And then I got sick. One month after my baby was born I was hospitalized with a serious C-section related infection. My son had to stay home with my husband and, in order for him to eat, he had to have formula. From a bottle. I knew there was nothing I could do about that but I was determined not to lose my milk supply. I hooked myself up to the breast pump every three hours, day and night, for the week that I was there. To some, this may seem like a valiant effort to do what was best for my son. But to me, in retrospect, it seems reckless. My health was in serious peril and I was giving up precious rest that might have helped me get better quicker in order to maintain a lifestyle choice.
It didn’t take long for the lactation consultants to find me. They rushed from the maternity ward to remind me not to lose hope, that I could still breastfeed if I just kept pumping, and nursing my son when he came to visit. They counseled me on how long and how often to pump and brought me hot packs to put on my breasts when they became engorged because my son wasn’t there to nurse. When a doctor cautioned me not to breastfeed for 48 hours after being injected with dye, one lactation consultant popped up out of nowhere to tell me to breastfeed anyway. The message here, clearly, was that breast milk, even breast milk tainted with toxic chemicals, was somehow necessary for my son’s survival.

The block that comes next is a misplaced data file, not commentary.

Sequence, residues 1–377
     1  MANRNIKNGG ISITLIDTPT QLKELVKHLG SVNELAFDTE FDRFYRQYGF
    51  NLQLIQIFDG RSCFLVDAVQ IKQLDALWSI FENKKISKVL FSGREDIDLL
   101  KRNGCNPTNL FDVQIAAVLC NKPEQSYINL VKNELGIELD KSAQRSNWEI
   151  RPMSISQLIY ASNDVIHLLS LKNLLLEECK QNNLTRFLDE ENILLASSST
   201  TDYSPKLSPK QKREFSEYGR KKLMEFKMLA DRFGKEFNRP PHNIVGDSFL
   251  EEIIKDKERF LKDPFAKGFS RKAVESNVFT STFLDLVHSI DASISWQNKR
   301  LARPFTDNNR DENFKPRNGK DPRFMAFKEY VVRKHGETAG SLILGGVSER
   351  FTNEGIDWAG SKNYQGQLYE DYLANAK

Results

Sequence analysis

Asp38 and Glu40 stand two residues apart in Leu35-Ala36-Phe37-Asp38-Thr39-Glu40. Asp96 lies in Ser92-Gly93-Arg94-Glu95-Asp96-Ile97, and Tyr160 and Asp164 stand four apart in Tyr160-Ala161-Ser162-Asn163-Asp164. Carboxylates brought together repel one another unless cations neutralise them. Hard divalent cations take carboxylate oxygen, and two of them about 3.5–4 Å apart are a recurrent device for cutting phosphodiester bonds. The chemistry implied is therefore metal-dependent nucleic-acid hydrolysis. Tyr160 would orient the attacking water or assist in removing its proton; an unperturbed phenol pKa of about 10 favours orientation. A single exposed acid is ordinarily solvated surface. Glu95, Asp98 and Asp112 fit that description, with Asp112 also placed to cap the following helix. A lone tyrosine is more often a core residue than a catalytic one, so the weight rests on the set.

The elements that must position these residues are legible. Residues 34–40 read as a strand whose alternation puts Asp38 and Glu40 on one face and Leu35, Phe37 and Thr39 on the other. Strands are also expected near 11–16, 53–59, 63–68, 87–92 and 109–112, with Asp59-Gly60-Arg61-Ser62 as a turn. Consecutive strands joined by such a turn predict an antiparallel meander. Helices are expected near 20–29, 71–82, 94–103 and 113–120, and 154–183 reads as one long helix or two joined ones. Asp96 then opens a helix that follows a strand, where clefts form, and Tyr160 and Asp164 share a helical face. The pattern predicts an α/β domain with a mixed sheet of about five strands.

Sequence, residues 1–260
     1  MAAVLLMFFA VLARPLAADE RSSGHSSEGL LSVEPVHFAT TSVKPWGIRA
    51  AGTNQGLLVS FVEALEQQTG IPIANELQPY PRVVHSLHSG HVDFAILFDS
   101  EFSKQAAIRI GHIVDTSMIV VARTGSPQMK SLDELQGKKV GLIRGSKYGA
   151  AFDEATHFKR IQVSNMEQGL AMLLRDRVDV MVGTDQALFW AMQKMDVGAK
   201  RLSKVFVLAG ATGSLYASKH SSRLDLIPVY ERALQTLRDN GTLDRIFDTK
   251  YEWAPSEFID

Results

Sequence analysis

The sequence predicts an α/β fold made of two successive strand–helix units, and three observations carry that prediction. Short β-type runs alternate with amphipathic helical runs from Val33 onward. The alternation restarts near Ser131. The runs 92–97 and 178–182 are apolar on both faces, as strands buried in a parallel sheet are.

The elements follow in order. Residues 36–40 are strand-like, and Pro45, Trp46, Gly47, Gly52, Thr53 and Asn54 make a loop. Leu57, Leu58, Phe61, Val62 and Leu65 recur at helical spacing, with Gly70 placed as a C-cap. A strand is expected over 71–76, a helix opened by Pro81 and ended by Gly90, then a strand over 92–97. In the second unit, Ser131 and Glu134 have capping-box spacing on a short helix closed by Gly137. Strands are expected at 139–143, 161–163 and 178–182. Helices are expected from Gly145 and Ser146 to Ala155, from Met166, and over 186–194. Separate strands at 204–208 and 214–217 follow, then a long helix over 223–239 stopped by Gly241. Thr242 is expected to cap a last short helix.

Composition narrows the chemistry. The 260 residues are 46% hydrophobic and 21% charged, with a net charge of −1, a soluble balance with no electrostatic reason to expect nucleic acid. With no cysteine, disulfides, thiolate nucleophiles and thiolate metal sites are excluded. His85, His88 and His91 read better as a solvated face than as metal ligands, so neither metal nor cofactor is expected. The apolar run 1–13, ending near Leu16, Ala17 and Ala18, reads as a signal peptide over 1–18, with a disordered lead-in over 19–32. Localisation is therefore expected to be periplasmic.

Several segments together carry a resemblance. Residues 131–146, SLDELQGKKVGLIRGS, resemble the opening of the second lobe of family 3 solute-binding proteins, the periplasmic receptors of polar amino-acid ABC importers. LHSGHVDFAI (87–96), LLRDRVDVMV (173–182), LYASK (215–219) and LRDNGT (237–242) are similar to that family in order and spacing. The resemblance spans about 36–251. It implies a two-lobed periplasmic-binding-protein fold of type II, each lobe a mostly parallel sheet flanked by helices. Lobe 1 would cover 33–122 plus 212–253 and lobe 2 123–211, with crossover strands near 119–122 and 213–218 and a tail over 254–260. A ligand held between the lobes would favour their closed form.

Meanwhile, my son was at home happily sucking down his formula and doing just fine. While I obsessed over maintaining my milk supply instead of focusing on getting better, my son was well-fed and as happy as a one-month-old cared for by only one parent could be.
Back at home, I put away the bottles and returned to breastfeeding exclusively. But, despite the constant pumping, my milk supply was compromised. At my son’s two month check-up he was dangerously underweight. The doctor told us he needed some formula to get his weight back on track but that I absolutely could, and should, keep breastfeeding. All I had to do was breastfeed him, then give him a bottle with some formula, then pump. At every feeding. This would leave me with approximately ten minutes between feedings.
Two weeks later he hadn’t gained any weight. He was registering at below the first percentile on the doctor’s weight charts.
“Should I just stop breastfeeding?” I asked the pediatrician.
Certainly not! All I had to do was let my son nurse longer at each feeding, pump for longer at each session and add a little bit more formula to each bottle.
On the way home, something snapped. My son was starving! There was a way to feed him and I was choosing not to. Many successful, competent adults had been formula-fed as children. These doctors and consultants, in their breastfeeding fervor, had made me believe that the possibility of breast milk was somehow more important than actually feeding my child in the here and now.
I went right home and mixed up a bottle of formula. I took my son in my arms and I fed him the bottle. Over the next month, we transitioned to exclusively bottle feeding and I never looked back.
My son is now a very healthy one-year-old who measures at the 95th percentile for height and weight. He has never had an ear infection, has been meeting his developmental milestones early or on track, and there is no one who sees us who could possibly say that we aren’t bonded.
Upon telling the story of our switch to formula to an acquaintance she nodded knowingly.
“The lactivists got to you,” she said.
Boy had they.